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copying books? watch

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    • Thread Starter
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    What are the benefits/drawbacks of copying novels or maths textbooks rather than reading them?
    I'm trying to decide what to do with my books.

    My ideas:

    Benefits are it might keep you more engaged, some authors did this to see what it was like to write a novel, you can improve your notes until you've only got the good bits so no prefaces for the student, introduction from someone else or critic reviews etc

    Drawbacks are it's more time consuming, paper and pens to copy cost money.
    • Thread Starter
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    Does it vary from person to person what is best?
    • Welcome Squad
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    Sorry, what?

    Why would you copy a book? :-/
    • Thread Starter
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    (Original post by PinkMobilePhone)
    Sorry, what?

    Why would you copy a book? :-/
    I don't have the concentration just to read...
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    Welcome Squad
    (Original post by nohomo)
    I don't have the concentration just to read...
    That makes no sense whatsoever
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    You don't have the concentration to read but you think you have the attention to copy out a book? What?
    • Thread Starter
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    (Original post by PinkMobilePhone)
    That makes no sense whatsoever

    (Original post by Arkasia)
    You don't have the concentration to read but you think you have the attention to copy out a book? What?
    I know it sounds weird but when I read I get bored easily and caught up with prefaces etc.

    I've never copied a novel, only a maths textbooks.

    Perhaps novels are more of a reading thing.
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    Make relevant notes, and make them on a computer. If you make them using pen-and-paper then every time you want to edit them you have to start from scratch instead of just hitting the backspace key. Copying an entire textbook will not make for relevant revision notes since they will basically be the entire book that you were supposed to be making the notes from! You need to condense the important information in your own words into manageable portions of text.

    As for copying down a novel, this is completely pointless. You say that you want to do it because you can't concentrate on reading it; typing at the same time will just provide something else to distract yourself with - it will not aid your understanding of the book. It is probably best that you just sit down, suck it up, and read the book.
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    (Original post by nohomo)
    I know it sounds weird but when I read I get bored easily and caught up with prefaces etc.

    I've never copied a novel, only a maths textbooks.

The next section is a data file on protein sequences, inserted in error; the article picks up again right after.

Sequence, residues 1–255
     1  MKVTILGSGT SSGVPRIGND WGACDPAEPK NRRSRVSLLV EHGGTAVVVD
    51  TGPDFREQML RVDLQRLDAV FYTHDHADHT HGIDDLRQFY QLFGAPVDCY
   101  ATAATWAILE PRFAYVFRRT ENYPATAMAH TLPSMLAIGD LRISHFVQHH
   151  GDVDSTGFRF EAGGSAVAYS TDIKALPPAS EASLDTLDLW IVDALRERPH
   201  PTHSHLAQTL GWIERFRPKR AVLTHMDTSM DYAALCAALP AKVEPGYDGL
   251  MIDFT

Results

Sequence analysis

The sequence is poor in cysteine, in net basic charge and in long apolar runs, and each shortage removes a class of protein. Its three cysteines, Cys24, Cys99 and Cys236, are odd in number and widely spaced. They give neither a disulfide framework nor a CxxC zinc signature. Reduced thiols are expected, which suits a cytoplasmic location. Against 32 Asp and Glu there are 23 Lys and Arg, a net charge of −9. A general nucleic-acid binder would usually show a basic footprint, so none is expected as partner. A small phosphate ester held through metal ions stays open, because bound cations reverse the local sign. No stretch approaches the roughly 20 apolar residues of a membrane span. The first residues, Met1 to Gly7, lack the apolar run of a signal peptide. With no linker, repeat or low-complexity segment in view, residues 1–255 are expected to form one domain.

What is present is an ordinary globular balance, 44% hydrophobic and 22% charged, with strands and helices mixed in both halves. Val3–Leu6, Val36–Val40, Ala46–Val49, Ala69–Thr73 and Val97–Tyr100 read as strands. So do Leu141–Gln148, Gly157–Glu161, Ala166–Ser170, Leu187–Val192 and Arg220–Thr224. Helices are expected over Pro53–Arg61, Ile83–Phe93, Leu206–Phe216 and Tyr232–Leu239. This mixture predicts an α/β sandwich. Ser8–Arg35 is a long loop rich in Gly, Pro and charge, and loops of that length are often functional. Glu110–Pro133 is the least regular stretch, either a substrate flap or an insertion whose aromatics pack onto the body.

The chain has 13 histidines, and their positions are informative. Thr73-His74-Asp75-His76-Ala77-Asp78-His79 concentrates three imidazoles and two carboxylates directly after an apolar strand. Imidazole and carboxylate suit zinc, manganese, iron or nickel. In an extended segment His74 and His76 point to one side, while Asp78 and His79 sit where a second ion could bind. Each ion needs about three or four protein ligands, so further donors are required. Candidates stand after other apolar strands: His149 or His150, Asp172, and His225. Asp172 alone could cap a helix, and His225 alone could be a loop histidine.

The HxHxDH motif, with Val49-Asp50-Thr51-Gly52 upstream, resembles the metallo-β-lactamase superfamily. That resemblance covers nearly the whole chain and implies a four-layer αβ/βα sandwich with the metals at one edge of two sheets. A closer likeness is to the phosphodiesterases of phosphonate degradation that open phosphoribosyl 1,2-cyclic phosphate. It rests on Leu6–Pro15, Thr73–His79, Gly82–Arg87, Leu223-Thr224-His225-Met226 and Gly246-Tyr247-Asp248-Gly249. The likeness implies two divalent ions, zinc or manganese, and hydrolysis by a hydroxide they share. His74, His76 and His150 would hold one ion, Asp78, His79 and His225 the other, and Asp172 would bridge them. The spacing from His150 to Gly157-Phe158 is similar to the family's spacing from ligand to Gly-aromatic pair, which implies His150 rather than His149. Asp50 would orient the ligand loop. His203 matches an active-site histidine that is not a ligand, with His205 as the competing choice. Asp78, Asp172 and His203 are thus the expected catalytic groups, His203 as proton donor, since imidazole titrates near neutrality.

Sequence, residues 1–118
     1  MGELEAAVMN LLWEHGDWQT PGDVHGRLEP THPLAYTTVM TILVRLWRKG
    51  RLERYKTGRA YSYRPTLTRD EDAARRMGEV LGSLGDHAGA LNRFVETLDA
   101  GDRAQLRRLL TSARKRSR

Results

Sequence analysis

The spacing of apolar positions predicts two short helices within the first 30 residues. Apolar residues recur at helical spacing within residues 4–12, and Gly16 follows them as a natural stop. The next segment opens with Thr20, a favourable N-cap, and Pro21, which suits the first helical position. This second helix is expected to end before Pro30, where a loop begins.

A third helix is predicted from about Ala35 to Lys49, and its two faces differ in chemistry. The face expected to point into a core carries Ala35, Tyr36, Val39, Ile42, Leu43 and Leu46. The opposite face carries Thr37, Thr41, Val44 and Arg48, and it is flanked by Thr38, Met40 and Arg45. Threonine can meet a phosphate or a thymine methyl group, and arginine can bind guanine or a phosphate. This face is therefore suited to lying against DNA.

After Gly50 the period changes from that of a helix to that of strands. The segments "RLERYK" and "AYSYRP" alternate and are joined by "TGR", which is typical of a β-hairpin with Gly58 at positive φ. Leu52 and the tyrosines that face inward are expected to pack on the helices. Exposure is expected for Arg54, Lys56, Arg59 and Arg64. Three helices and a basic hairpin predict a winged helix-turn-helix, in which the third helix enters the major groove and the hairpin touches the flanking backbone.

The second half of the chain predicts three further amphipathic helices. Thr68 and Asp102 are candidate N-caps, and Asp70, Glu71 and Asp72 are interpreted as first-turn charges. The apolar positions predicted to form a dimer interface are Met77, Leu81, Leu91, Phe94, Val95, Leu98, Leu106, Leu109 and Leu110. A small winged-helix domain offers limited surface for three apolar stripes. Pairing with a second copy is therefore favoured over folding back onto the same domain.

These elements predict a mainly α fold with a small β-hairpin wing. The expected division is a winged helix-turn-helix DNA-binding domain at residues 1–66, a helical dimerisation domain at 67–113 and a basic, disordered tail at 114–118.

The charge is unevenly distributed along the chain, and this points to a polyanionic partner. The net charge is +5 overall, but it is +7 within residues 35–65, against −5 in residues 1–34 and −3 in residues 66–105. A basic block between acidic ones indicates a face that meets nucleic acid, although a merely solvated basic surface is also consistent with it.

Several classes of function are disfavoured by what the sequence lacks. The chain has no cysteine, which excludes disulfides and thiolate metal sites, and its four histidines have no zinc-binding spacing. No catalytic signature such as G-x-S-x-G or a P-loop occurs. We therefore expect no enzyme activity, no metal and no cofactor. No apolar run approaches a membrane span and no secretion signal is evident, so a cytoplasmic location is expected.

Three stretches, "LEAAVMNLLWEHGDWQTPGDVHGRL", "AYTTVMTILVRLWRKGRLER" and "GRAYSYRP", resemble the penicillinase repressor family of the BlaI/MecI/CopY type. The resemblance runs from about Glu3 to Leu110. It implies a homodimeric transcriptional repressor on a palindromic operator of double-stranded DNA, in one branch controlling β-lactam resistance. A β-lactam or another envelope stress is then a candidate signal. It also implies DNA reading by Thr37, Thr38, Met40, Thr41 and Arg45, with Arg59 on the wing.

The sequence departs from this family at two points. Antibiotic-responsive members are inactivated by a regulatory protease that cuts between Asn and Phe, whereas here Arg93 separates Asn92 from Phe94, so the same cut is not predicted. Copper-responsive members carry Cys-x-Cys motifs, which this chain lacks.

Perhaps novels are more of a reading thing.
    You copied a maths textbook? Did you answer the questions?
    • Section Leader
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    Don't let David Cameron hear about you copying these great works of intellectual property. Authors have a tough enough time as it is without people copying out their works by hand.
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    (Original post by Arkasia)
    You copied a maths textbook? Did you answer the questions?
    I answered the questions in the book. It's usually undergrad or graduate books I copy and always different ones so not just a level over and over.

    I have an asperger's diagnosis and know this might sound stupid or odd.

    I think the copying gives me structure to empty time and makes me feel productive in leisure time although I know it is pointless.

    I have considered doing more guitar, drawing, or something else... These things are more socially acceptable.
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    (Original post by VannR)
    Make relevant notes, and make them on a computer. If you make them using pen-and-paper then every time you want to edit them you have to start from scratch instead of just hitting the backspace key. Copying an entire textbook will not make for relevant revision notes since they will basically be the entire book that you were supposed to be making the notes from! You need to condense the important information in your own words into manageable portions of text.

    As for copying down a novel, this is completely pointless. You say that you want to do it because you can't concentrate on reading it; typing at the same time will just provide something else to distract yourself with - it will not aid your understanding of the book. It is probably best that you just sit down, suck it up, and read the book.
    So notes for maths, just read novels?

    This isn't for formal education, just my own interest so there's no time limit other than my death/decline.
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    If you have trouble concentrating on reading in the long term, break it up. Spend, say, 10 minutes reading and then go off to do something else, but keep coming back to read. Or you could split it up into sections/chapters, reading one or two at a time.
 
 
 
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